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BY Laurie DeSalvo IN Uncategorized 43% of Banks Reporting a Shortage of Lenders; Time to Grow New Ones

It’s probably not news to anyone in commercial banking that, as an industry, we’re facing a significant shortage of commercial lenders. We’re hearing it from big and small banks alike. Across most geographies. And based on the current demographics and expected economic growth, it’s unlikely to get better any time soon.

According to the Bank Director’s 2016 Compensation Survey, 43 percent of the 262 bank executives and board members who responded stated there aren’t enough talented commercial lenders in their markets, indicating a troublesome shortage in the people who help drive a large percentage of the industry’s revenue.

In addition, 40 percent of survey respondents indicate that recruiting commercial lenders was a top challenge for 2016 and 43 percent are willing to pay highly for talented commercial lenders.

The numbers don’t lie – a big chunk of the industry can’t find new lenders, and without lenders, they can’t grow. We’re seeing particularly acute shortages in smaller or more rural markets and niche areas like agriculture and SBA lending. Certain banks are doing a better job of winning talent, and here is what we’re seeing as their keys to success:

Make it Easier to Close Loans. It’s not complicated to make a commercial lender happy. They want to close loans. To do so, they 1) must believe in the bank’s vision and have the ability to offer the right products to the right customer base in their specific market; 2) must understand, be amenable to, and be able to work within a bank’s credit culture; 3) must have the ability to be competitive through rates, process, and/or service; and 4) must have confidence their back office can support the loan volume they are bringing to the bank. If you can sell these 4 key elements of your platform, you have a much better chance of impressing and bringing on a top-performing commercial lender.

Recruit New Blood: Every bank wants to hire a senior lender. They can hit the ground running, produce faster, know their markets, and often bring a book of client relationships and referral sources. It takes a lot longer to grow a new lender, but it might be more sustainable long-term. Not to mention, you can train them to lend according to your specific culture and goals. You’ll want to start engaging young people as soon as possible. College recruiting should be a top priority. Also, consider hosting events or competitions for high school students to expose them to banking and your culture at a young age.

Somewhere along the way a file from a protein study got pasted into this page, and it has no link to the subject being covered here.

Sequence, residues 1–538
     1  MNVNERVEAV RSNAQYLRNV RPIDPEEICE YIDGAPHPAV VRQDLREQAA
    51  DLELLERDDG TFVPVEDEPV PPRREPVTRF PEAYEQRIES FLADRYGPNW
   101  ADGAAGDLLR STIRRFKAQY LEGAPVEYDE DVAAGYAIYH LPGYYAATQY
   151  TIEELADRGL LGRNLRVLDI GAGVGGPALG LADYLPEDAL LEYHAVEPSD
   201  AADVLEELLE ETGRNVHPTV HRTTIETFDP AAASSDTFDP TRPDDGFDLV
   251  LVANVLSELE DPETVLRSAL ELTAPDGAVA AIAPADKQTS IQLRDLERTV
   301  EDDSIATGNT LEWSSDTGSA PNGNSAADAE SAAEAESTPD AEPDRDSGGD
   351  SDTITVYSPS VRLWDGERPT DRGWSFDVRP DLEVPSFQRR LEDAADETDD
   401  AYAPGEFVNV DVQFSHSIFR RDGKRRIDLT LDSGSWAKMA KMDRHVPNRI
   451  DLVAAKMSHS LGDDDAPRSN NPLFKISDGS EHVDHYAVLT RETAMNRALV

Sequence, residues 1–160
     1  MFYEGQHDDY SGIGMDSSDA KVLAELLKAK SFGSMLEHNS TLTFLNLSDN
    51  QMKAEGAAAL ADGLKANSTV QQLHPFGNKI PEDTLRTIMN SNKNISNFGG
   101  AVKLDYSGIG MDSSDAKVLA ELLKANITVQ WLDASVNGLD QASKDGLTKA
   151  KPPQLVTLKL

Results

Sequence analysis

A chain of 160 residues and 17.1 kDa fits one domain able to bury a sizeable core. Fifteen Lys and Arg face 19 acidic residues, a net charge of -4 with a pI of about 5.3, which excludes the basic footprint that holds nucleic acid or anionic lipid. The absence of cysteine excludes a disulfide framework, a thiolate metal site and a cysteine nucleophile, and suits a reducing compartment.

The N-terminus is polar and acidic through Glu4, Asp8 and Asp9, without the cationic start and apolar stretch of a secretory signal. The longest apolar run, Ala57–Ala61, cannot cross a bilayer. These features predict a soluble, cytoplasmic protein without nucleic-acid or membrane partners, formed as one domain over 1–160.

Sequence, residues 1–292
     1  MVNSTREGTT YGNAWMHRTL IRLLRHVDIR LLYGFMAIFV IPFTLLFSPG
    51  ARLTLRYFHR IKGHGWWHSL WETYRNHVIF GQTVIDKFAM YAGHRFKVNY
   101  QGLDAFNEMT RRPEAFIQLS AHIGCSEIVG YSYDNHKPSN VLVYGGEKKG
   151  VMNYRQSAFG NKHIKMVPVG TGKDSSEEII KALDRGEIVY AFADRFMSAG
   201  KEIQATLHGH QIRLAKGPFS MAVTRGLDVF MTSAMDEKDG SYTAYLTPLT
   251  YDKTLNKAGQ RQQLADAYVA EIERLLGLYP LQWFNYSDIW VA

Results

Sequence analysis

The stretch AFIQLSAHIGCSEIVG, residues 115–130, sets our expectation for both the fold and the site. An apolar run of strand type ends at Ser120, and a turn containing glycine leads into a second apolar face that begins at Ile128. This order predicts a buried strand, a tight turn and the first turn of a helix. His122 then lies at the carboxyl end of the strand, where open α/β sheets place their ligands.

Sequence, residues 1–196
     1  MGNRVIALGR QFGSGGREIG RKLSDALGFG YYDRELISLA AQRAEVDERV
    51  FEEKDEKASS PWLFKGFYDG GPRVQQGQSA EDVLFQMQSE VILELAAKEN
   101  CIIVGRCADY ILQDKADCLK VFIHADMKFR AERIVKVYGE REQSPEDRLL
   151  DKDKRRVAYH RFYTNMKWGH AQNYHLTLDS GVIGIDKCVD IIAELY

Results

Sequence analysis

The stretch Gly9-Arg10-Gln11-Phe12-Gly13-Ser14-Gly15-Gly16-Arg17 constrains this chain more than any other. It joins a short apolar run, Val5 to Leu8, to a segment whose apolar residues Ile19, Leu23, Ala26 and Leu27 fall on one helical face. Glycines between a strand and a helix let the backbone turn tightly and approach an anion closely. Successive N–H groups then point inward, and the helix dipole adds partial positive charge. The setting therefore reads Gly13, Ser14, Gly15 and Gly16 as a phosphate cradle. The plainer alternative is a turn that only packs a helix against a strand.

Consider Other Financial Sales Professionals: Capital markets is a broad space. There are many professionals in the broader industry who understand credit and finance, are good at sales, and are driven enough to succeed in commercial lending if given some guidance and opportunity. Some of the banks successfully growing their teams are getting creative and hiring people from wealth management, equity or debt capital markets, investment management, and other areas of financial services. Again, it’s not the easy fix of hiring a senior lender, but it may be a strong longer-term option.

Play to Your Strengths: Larger banks may come with more organizational complexity to navigate, but they can offer lenders the ability to work on larger clients and more sophisticated loan structures. They may also offer the ability to be a specialist in such areas as agriculture, healthcare, or other key industries. It may be tough for smaller community banks to match the compensation potential and deal size/complexity that larger banks can offer. However, there are many advantages that a smaller bank can highlight. These can include a more high-touch, community oriented culture, greater focus on relationships, a family-like environment, better quality of life, more creativity in customers and types of loans, and sometimes more flexibility.

Retention is all-important: Retention of your most valuable lenders, while mentioned last, is your first line of defense. The people we speak with who are happy and not making a move any time soon talk about things like a clear and workable credit box, flexibility to work on the loans that interest them, commitment to continuing education, autonomy to manage their time and workflow, a strong compensation plan that offers stability but also rewards performance, and opportunities to move up into leadership.

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